This is truly a fiction made in Singapore with historical background to the Singapore River, before and after the clean-up. The story, though fictional, covers the history of squatters along the river and their eviction to make way for a massive cleanup of the river (1977 – 1987).
I remember the era in the 60’s, 70’s of this waterway where tongkangs, bumboats plied the river bringing goods into Singapore warehouses. It was a different world back then, our economic lifeline.
The story of Yoke Lan, the Pipa Queen, and her illegitimate daughter Wong Ping Ping spanned more than four decades. I feel for the story because I was born in that era. If you want to know that era, this novel captures the essence of the period. It was nostalgic and brought back memories of Singapore of the past.
The pipa and dizi (bamboo flute) were the common threads that strung the characters together with emotional love stories; different type of love between mother and daughter, love story of Ping and Weng, the male character that played the dizi.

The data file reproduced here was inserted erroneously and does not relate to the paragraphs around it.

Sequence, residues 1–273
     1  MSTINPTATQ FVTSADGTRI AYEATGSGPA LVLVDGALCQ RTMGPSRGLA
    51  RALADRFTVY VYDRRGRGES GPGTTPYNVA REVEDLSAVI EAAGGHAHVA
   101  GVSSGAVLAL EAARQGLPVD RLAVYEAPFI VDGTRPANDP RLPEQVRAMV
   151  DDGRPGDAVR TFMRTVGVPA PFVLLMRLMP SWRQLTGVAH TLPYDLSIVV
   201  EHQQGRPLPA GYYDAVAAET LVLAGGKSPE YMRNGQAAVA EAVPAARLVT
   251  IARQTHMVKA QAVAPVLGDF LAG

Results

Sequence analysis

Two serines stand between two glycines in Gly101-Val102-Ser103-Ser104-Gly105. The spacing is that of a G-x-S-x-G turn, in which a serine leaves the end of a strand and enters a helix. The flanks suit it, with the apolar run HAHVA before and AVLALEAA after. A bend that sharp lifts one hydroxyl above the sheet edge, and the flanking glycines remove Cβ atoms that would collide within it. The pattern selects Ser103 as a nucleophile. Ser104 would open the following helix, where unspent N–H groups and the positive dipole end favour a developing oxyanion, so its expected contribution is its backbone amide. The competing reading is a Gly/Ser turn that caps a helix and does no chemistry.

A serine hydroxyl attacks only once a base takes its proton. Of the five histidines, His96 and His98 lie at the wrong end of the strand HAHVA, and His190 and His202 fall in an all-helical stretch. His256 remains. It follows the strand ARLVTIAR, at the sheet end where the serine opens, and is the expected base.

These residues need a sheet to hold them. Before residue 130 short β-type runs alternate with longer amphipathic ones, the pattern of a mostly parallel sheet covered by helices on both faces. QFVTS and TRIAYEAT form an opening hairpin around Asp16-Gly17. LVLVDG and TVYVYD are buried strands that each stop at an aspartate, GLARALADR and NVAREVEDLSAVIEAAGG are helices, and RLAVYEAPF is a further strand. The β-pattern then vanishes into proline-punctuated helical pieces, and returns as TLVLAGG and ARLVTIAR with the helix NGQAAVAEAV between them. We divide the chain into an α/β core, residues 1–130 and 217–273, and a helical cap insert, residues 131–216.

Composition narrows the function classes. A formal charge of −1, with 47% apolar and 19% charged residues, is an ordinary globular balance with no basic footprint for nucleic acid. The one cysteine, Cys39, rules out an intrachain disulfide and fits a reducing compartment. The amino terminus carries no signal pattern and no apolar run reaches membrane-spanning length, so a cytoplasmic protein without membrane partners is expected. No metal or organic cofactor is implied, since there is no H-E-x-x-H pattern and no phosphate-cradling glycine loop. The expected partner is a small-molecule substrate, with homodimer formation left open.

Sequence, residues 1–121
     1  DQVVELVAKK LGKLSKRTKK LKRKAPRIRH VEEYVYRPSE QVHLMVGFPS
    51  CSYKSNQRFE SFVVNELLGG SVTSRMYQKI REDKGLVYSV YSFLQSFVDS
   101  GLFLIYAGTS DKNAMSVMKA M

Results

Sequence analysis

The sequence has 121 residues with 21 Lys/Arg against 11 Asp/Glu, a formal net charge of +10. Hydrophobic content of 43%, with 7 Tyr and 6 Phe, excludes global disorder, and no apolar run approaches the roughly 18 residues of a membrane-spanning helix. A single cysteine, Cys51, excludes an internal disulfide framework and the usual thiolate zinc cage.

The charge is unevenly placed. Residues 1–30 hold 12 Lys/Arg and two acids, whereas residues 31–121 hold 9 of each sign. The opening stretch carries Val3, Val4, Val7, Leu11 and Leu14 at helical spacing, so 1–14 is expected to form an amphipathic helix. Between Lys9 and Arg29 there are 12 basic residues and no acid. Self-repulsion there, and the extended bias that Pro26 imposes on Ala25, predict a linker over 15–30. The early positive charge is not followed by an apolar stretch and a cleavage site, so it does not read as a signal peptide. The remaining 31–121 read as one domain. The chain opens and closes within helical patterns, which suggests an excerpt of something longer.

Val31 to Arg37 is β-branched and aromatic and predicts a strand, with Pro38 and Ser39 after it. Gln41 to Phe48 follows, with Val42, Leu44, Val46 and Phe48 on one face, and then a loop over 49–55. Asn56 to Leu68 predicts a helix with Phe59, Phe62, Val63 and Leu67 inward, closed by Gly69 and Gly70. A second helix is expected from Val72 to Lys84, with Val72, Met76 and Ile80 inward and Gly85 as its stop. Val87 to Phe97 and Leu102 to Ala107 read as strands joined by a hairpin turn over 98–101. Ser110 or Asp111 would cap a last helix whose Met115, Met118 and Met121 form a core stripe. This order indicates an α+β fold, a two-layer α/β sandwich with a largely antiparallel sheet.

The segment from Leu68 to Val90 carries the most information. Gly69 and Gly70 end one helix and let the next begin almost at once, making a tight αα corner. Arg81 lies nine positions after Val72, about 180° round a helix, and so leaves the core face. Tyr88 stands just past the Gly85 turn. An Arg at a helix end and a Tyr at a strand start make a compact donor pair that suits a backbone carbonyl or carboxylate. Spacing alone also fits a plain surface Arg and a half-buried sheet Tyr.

The ending was particularly impactful and clever of the author that brought all main characters together for the befitting end of a story of pains and unknowns in their lives. A great read for me as Suchen Christine Lim was able to write and transported me to that long-gone period of quirks, dialects and it was so real and authentic.